The Low Side of High Lottery Hopes

HUNTINGTON, W.Va. (WSAZ) -- No doubt about it, Mega Millions fever is at its peak.

With the jackpot $636 million strong and potentially growing if no one wins Tuesday night, so do the dreams of what people will do with the money.

But for some people the dream is a dangerous one because they don't know when to stop.

Patty Deutsch, a counselor with First Choice Health Systems, said spotting a gambling addict can be difficult.

"It's a specific addition that's a little different because it doesn't smell bad," Deutsch said. "People don't fall. It's not something obvious like other addictions. So, often times, it goes undiagnosed and not known by the families and understood by the families."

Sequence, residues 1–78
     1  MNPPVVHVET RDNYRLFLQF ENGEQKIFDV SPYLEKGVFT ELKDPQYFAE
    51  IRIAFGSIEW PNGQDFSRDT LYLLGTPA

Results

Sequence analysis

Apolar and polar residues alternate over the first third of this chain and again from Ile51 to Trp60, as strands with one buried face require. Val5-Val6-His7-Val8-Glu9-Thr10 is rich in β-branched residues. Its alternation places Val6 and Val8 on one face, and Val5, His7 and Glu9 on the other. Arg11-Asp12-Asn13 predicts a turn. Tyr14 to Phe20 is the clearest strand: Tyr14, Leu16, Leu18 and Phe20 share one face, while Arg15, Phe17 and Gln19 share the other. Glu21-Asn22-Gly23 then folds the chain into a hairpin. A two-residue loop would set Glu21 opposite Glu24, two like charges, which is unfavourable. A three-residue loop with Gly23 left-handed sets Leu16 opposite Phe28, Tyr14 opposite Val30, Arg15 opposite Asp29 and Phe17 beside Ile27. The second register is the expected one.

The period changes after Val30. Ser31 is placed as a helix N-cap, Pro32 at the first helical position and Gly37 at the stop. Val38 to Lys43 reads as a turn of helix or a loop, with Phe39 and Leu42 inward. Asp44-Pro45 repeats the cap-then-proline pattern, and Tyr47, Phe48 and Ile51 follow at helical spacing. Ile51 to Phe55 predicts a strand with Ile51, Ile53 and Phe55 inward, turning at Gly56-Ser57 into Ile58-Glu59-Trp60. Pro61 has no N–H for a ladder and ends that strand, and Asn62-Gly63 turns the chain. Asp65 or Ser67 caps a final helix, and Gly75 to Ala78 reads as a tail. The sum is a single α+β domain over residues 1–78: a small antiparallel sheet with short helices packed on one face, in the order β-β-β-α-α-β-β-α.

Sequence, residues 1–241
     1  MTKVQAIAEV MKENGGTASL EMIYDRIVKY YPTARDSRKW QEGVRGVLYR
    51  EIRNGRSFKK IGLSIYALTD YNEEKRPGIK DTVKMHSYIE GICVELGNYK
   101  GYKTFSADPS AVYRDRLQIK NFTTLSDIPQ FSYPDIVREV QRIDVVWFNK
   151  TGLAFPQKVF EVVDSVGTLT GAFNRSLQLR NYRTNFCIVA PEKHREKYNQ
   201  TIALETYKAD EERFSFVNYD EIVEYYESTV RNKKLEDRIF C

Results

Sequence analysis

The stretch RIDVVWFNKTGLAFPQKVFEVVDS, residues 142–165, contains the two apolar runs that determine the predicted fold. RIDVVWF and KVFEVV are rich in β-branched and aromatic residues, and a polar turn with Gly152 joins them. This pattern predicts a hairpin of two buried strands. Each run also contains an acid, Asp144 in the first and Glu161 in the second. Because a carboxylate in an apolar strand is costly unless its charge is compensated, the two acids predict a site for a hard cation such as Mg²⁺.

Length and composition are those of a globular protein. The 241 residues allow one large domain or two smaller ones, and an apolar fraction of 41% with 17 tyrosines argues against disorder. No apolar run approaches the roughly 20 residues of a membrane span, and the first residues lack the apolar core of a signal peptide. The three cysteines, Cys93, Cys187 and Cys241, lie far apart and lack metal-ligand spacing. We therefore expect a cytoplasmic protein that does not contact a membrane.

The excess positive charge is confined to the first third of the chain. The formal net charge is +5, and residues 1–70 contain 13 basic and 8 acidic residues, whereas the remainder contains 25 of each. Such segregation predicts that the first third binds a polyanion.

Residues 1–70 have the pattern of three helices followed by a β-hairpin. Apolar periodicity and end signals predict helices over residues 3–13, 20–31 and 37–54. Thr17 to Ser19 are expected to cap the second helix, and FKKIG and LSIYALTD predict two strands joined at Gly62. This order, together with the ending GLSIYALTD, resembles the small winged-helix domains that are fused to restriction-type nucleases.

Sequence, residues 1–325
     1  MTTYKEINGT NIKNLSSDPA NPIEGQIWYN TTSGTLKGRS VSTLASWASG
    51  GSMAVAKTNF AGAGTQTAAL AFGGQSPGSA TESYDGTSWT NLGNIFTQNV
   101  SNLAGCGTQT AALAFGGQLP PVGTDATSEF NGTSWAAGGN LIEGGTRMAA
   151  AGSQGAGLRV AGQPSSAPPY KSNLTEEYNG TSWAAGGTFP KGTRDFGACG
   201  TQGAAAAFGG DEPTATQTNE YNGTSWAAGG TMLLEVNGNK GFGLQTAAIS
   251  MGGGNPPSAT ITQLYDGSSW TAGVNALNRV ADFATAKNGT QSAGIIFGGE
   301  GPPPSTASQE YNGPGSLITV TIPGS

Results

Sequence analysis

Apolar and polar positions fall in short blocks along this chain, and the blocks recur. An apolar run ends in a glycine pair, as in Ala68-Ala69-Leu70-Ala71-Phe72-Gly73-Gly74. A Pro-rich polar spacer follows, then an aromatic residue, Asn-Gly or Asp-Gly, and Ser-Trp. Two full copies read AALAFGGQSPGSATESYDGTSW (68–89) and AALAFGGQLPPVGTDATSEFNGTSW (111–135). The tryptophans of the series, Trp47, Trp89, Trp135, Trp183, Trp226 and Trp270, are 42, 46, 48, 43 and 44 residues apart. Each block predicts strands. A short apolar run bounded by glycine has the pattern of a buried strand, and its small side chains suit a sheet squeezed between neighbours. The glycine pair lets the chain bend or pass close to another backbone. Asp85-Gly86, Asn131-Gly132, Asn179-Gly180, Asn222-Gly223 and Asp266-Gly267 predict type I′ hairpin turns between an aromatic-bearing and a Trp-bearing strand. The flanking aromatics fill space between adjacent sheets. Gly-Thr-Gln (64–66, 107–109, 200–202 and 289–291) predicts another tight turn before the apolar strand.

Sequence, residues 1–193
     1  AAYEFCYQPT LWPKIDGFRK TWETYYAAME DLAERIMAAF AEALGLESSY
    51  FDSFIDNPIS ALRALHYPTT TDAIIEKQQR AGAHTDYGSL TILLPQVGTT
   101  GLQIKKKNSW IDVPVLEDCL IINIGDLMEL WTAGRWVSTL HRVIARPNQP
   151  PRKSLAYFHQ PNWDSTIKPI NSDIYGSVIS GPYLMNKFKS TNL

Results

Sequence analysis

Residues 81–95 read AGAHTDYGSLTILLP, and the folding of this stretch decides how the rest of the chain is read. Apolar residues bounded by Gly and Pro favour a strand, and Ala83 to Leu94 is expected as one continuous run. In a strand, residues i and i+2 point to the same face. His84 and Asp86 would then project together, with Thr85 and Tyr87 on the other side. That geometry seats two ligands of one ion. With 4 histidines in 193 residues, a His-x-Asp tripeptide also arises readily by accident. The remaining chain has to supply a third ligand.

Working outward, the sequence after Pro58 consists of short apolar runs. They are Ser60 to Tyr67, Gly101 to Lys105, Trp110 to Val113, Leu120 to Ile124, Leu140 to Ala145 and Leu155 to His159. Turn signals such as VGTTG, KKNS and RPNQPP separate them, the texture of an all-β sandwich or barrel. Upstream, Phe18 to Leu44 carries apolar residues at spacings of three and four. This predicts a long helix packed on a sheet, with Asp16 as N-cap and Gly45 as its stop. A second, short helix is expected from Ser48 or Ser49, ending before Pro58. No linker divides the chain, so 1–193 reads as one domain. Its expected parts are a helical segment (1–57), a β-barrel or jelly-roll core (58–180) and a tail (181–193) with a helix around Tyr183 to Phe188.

She's heard from people perceived as responsible who've gambled away their retirement accounts. But Deutsch explains it is an addiction, not a character flaw.

"You want to gamble more, maybe you had a big win, early on, that is a trigger for most people," she said. "It's a dopamine thing in the brain, and it encourages people to go back."

Lawmakers have put into place perimeters to help if you come to the realization you have a gambling problem -- 1-800-GAMBLER is a place to start.

From there, counselors can point you in the right direction.

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